A floodlight had been switched on inside of me! Finally I was being taken on a guided tour of who I really am. Not just the mask I showed the world or the person I became to conform to what society dictated of me. The real me included the sacred, the good and the bad. The product of the life I had lived and the sum total of all the history that had been born with me into this world. 

Jung speaks of how evolution is struggling to keep up with us!    That we are still processing primitive, ancient man in our psyches while galloping into the future; this required some digesting – but yet, on some level, it all made perfect sense to me.  What I found particularly helpful and added to the work that we did in the 12 module programme, was that we are to become aware of how our collective unconscious responds to our ‘being’ in the present moment. How does our ancestral unconscious respond to the present?  I really like that question as it unlocks a whole different way of being present and tunes into a different frequency. We are so much more than just physical bodies existing in the moment.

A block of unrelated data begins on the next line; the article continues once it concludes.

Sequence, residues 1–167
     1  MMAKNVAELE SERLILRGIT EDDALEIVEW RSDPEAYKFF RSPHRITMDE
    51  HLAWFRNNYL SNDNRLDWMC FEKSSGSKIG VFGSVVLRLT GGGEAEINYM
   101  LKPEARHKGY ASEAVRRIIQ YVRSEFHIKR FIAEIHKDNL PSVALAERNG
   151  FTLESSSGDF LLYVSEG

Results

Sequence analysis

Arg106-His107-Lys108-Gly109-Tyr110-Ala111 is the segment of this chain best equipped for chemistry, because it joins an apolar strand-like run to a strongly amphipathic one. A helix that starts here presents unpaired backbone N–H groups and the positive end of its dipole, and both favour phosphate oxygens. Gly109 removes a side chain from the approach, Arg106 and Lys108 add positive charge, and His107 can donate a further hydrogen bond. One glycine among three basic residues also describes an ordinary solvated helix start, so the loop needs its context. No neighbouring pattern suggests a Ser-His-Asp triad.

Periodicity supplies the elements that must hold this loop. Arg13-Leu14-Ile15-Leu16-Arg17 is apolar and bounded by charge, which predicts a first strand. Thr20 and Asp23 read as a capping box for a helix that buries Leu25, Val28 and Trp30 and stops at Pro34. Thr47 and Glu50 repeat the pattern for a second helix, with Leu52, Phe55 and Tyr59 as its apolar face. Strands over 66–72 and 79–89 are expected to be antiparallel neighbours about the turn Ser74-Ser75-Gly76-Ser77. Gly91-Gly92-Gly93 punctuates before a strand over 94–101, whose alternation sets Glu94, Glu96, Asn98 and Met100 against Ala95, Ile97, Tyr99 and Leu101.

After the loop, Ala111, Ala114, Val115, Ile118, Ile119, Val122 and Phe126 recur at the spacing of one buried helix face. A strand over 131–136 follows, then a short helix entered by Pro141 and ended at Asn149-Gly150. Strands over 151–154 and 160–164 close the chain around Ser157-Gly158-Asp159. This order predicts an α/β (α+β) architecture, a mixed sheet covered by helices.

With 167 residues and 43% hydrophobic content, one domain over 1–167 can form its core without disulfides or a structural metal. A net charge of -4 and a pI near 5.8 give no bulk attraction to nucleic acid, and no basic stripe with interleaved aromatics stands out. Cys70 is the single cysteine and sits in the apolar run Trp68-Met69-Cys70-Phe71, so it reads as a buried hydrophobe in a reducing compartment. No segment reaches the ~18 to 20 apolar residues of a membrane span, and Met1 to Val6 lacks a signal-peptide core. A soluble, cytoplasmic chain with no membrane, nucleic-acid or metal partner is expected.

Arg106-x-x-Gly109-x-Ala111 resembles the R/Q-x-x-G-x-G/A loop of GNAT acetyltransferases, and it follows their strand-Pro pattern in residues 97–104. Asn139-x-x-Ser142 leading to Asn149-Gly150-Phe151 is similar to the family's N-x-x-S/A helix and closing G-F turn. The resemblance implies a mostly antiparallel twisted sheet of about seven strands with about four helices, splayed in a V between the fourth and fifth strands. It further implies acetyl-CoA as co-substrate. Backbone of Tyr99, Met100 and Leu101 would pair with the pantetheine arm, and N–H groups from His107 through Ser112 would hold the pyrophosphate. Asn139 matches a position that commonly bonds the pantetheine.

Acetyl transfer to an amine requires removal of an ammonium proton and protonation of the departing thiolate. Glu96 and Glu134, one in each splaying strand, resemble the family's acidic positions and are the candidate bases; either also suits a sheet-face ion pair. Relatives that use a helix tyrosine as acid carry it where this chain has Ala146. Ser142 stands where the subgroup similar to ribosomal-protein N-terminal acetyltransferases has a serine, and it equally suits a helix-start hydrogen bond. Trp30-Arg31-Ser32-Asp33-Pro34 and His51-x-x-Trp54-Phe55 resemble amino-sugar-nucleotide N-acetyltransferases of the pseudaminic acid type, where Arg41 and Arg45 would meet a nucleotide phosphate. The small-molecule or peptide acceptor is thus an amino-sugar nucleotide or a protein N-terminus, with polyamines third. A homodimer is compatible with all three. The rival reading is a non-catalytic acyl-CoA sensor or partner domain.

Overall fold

Jung received vivid and complicated visions. If I had received the visions that he had, I would’ve had myself institutionalised.  This part of the book settled so well inside of me.  Life has always spoken, very loudly, to me in symbols – in visions, in synchronicities.  It was interesting for me to note that what I needed to look at (be warned or guided on) was communicated to me in language or in visions that I could understand. Jung recommends that if a complex is not able to communicate with you, that you are to offer it your form of communication so that it might put what it needs to say to you, in language that you can understand. I found this extremely helpful.  Four years ago I was engaged to be married.  My fiancé and I were on our way out and as I walked past his tall frame, I got the strangest sensation. I stood in front of him and saw, in his chest area, a ball of swirling, grey, fog-like energy. I asked him outright what he was harbouring, what he needed to tell me. He went pale and looked as though he was going to do ‘a Freud’ and faint. It turned out that he had never divorced his wife. They were still legally married.  The ball of grey fog energy that I saw was a lie that he was harbouring.  In that moment I experienced two things:  a clear warning and guidance in a vision, and, I experienced standing firmly in the present moment and speaking my truth as it came to me.  When you regroup and bring your ‘full self’ into the present moment, you bring a very powerful presence into being.